It is an herbaceous, short-lived perennial plant, variable in size, growing to 20–80 cm tall. The leaves are alternate, trifoliate (with three leaflets), each leaflet 15–30 mm long and 8–15 mm broad, green with a characteristic pale crescent in the outer half of the leaf; the petiole is 1–4 cm long, with two basal stipules. The flowers are dark pink with a paler base, 12–15 mm long, produced in a dense inflorescence.
Red clover is subject to bacterial as well as fungal diseases. Other problems include parasitic nematodes (roundworms) and viruses.
It is widely grown as a fodder crop, valued for its nitrogen fixation, which increases soil fertility. For these reasons it is used as a green manure crop. Several cultivar groups have been selected for agricultural use, mostly derived from var. sativum. It has become naturalised in many temperate areas, including the Americas and Australasia as an escape from cultivation.
Warnings and contraindications
In alternative medicine, red clover is promoted as a treatment for a variety of human maladies, including coughs, disorders of the lymphatic system and a variety of cancers. However, according to the American Cancer Society, "available clinical evidence does not show that red clover is effective in treating or preventing cancer, menopausal symptoms, or any other medical conditions."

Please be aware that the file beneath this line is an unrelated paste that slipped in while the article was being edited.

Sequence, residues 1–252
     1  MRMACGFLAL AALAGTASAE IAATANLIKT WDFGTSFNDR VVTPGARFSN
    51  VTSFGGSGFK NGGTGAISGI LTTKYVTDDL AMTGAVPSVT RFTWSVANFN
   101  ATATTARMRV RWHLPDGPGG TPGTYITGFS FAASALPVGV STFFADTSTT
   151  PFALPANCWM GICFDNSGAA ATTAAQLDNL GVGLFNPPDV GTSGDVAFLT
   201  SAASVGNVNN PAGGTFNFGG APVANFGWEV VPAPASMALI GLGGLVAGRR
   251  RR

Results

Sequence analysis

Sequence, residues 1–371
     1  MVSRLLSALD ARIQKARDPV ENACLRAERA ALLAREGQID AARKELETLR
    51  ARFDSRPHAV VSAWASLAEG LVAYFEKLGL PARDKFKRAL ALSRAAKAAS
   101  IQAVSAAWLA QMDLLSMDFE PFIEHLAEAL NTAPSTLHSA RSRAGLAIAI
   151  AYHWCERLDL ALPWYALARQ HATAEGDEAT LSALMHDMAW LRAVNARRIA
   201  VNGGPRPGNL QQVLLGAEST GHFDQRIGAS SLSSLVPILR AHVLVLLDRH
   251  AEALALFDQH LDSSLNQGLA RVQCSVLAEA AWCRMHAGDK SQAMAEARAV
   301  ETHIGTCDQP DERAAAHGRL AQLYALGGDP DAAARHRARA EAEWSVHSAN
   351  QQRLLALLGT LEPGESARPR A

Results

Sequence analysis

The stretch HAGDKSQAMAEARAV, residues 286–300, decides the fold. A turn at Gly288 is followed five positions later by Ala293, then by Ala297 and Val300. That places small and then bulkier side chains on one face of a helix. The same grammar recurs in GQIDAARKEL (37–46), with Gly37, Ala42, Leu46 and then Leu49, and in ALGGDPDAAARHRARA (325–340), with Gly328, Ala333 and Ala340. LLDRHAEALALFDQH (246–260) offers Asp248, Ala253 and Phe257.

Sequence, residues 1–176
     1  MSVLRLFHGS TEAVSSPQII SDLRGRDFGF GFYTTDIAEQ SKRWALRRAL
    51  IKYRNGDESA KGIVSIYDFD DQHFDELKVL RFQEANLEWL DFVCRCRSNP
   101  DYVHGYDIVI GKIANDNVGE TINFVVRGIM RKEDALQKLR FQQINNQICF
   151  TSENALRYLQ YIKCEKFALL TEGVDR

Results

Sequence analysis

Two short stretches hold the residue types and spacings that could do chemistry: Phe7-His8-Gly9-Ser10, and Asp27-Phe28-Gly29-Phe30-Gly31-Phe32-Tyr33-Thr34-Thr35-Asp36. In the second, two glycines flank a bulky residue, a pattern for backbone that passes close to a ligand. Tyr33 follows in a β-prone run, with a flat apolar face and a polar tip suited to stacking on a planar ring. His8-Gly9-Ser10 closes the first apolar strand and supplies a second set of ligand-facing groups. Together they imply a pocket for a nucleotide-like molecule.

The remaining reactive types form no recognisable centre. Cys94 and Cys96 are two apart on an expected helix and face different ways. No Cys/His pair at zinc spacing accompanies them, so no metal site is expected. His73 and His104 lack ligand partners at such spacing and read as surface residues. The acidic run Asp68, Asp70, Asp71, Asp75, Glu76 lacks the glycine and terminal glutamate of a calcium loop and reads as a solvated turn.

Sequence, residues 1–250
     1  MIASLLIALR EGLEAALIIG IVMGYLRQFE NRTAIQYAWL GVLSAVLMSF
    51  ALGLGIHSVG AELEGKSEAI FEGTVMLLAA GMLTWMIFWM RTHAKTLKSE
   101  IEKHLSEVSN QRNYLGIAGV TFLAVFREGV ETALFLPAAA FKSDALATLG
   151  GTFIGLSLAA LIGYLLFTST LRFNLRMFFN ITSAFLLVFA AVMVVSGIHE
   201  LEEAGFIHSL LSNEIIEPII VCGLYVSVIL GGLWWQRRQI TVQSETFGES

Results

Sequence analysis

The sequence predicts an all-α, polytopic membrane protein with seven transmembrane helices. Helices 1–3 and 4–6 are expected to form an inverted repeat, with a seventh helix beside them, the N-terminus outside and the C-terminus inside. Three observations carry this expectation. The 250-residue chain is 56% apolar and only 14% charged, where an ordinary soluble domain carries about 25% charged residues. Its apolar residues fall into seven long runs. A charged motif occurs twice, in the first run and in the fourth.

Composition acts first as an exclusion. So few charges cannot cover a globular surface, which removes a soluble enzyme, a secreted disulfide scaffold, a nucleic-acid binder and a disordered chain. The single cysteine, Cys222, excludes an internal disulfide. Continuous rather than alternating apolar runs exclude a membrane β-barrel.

Dietary amounts of red clover are safe, but medicinal quantities may cause rash-like reactions, muscle ache, headache, nausea, vaginal bleeding in women, and slow blood clotting.
Due to its activity on estrogen receptors, red clover is contraindicated in people with a history of breast cancer, endometriosis, ovarian cancer, uterine cancer, uterine fibroids, or other estrogen-sensitive conditions, but others have suggested the high isoflavone content counteracts this, and even provides benefits in these conditions.
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- Red clover, WebMD.
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- Other National Symbols - Embassy of Denmark India
|Wikiversity has bloom time data for Trifolium pratense on the Bloom Clock|
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